Compilers and build tools:

  • a C compiler and make tool; we recommend GNU make.

  • rust 1.70.0 or later

  • cargo

  • cargo-cbuild

  • meson

  • vala (optional)

Mandatory dependencies:

  • Cairo 1.17.0 with PNG support

  • Freetype2 2.8.0

  • GIO 2.24.0

  • Libxml2 2.9.0

  • Pango 1.46.0

Optional dependencies:

  • GDK-Pixbuf 2.20.0

  • GObject-Introspection 0.10.8

  • gi-docgen

  • python3-docutils

Optional dependencies:

  • dav1d 1.3.0 (to support the AVIF image format)

The following sections describe how to install these dependencies on several systems.

Debian based systems

As of 2018/Feb/22, librsvg cannot be built in debian stable and ubuntu 18.04, as they have packages that are too old.

Build dependencies on Debian Testing or Ubuntu 18.10:

apt-get install -y gcc make rustc cargo cargo-c \
meson gi-docgen python3-docutils git \
libgdk-pixbuf2.0-dev libgirepository1.0-dev \
libxml2-dev libcairo2-dev libpango1.0-dev

Additionally, as of September 2018 you need to add gdk-pixbuf utilities to your path, see #331 for details:

PATH="$PATH:/usr/lib/x86_64-linux-gnu/gdk-pixbuf-2.0"

Fedora based systems

dnf install -y gcc rust rust-std-static cargo cargo-c make \
meson gi-docgen python3-docutils git redhat-rpm-config \
gdk-pixbuf2-devel gobject-introspection-devel \
libxml2-devel cairo-devel cairo-gobject-devel pango-devel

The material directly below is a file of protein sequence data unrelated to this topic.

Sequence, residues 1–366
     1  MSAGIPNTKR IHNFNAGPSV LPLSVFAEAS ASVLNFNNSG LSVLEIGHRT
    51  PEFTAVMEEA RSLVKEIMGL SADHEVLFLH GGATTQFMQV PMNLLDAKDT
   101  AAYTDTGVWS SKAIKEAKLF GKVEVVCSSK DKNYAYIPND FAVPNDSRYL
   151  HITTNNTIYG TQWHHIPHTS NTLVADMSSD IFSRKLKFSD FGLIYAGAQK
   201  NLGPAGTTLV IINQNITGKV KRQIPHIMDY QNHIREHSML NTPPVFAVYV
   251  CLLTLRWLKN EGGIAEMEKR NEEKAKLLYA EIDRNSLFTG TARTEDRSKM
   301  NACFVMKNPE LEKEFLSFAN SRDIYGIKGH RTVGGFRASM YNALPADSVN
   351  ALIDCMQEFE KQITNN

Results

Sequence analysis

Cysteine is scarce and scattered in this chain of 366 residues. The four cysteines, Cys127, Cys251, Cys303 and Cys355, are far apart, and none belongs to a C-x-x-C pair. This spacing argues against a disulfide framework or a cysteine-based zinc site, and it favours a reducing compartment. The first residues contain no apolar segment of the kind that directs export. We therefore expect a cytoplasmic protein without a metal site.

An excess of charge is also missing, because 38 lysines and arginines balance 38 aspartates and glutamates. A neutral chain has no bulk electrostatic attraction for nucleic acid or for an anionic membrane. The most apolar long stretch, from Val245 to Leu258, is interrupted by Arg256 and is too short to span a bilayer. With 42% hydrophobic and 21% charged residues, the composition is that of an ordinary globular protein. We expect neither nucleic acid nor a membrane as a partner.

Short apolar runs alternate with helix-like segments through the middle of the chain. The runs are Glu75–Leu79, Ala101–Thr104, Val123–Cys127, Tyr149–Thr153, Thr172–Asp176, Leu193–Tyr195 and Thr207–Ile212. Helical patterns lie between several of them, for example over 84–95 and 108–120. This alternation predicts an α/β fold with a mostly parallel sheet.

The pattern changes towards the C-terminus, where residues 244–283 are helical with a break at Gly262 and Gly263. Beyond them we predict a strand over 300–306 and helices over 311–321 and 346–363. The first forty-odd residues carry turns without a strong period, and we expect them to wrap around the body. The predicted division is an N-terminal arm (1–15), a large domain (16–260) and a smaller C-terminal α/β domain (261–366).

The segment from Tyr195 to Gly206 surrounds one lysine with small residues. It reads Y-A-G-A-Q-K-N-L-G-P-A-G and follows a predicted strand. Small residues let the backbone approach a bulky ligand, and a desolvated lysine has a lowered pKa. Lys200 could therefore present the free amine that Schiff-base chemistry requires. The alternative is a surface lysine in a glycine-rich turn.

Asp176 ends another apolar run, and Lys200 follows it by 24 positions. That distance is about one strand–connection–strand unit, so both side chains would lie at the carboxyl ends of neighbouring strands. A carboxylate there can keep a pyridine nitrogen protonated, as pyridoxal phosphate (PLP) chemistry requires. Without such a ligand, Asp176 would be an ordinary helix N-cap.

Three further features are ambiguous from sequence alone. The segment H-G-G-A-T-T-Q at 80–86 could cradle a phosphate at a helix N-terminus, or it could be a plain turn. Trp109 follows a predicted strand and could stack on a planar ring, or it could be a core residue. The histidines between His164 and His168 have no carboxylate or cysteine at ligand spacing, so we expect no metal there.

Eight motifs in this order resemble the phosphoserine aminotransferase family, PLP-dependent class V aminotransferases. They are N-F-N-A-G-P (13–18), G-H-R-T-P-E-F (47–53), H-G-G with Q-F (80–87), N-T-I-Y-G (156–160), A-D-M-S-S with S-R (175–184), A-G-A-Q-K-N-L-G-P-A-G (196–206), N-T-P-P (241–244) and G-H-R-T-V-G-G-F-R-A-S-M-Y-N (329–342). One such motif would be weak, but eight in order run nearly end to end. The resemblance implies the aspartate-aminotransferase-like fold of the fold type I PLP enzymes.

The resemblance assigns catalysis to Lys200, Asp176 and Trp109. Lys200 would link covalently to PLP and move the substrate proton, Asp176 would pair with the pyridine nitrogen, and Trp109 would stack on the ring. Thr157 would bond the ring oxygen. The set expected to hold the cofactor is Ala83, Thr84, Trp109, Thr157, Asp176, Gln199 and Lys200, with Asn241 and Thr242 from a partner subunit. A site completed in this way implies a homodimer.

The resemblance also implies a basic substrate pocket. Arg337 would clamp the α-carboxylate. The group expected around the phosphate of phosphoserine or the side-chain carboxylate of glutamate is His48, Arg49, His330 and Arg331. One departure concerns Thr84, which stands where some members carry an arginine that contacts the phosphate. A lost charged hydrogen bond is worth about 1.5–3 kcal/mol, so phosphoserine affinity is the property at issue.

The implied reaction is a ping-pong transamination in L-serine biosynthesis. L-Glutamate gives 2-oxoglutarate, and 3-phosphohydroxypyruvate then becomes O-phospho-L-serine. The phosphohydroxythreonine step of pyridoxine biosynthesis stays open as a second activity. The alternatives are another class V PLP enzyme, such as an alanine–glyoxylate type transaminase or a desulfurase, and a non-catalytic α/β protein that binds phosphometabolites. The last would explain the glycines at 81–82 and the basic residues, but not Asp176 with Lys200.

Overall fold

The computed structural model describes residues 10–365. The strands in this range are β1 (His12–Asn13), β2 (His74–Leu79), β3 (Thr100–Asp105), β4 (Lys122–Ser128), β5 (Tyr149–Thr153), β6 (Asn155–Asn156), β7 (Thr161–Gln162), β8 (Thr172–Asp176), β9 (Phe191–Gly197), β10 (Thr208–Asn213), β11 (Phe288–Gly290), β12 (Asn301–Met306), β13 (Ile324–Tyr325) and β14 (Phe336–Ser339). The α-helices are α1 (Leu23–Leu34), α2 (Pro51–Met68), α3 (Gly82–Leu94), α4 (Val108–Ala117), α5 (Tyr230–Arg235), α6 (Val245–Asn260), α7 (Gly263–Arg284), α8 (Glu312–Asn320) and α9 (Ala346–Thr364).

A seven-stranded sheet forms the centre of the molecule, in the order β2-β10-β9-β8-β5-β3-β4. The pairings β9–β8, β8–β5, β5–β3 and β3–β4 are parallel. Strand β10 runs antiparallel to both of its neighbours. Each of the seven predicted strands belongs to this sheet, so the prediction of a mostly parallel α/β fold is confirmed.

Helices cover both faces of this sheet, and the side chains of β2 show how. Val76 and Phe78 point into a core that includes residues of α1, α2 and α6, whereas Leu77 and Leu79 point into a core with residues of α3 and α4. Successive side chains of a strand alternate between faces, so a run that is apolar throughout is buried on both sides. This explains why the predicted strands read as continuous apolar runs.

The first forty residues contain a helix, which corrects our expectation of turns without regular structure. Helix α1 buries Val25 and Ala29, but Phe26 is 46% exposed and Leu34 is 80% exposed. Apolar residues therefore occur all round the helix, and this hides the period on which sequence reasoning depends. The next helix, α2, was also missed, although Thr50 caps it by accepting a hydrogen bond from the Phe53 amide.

openSUSE based systems

zypper install -y gcc rust rust-std cargo cargo-c make \
meson python3-gi-docgen python38-docutils git \
gdk-pixbuf-devel gobject-introspection-devel \
libxml2-devel cairo-devel pango-devel

macOS systems

Dependencies may be installed using Homebrew or another package manager.

brew install meson gi-docgen pkgconfig gobject-introspection gdk-pixbuf pango

Building and testing

Make sure you have gone through the steps in Setting up with podman or Setting up dependencies manually. Then, do the following.

Normal development: You can use cargo build --workspace and cargo test --workspace as for a simple Rust project; this is what you will use most of the time during regular development. If you are using the podman container as per above, you should do this in the /srv/project directory most of the time. The --workspace options are because librsvg’s repository contains multiple crates in a single Cargo workspace.

To casually test rendering, for example, for a feature you are developing, you can run target/debug/rsvg-convert -o output.png my_test_file.svg.

If you do a release build with cargo build –release –workspace, which includes optimizations, the binary will be in target/release/rsvg-convert. This version is much faster than the debug version.

Doing a full build: You can use the following:

mkdir -p _build
meson setup _build -Ddocs=enabled -Dintrospection=enabled -Dvala=enabled
meson compile -C_ build
meson test -C _build

You should only have to do that if you need to run the full test suite, for the C API tests and the tests for limiting memory consumption.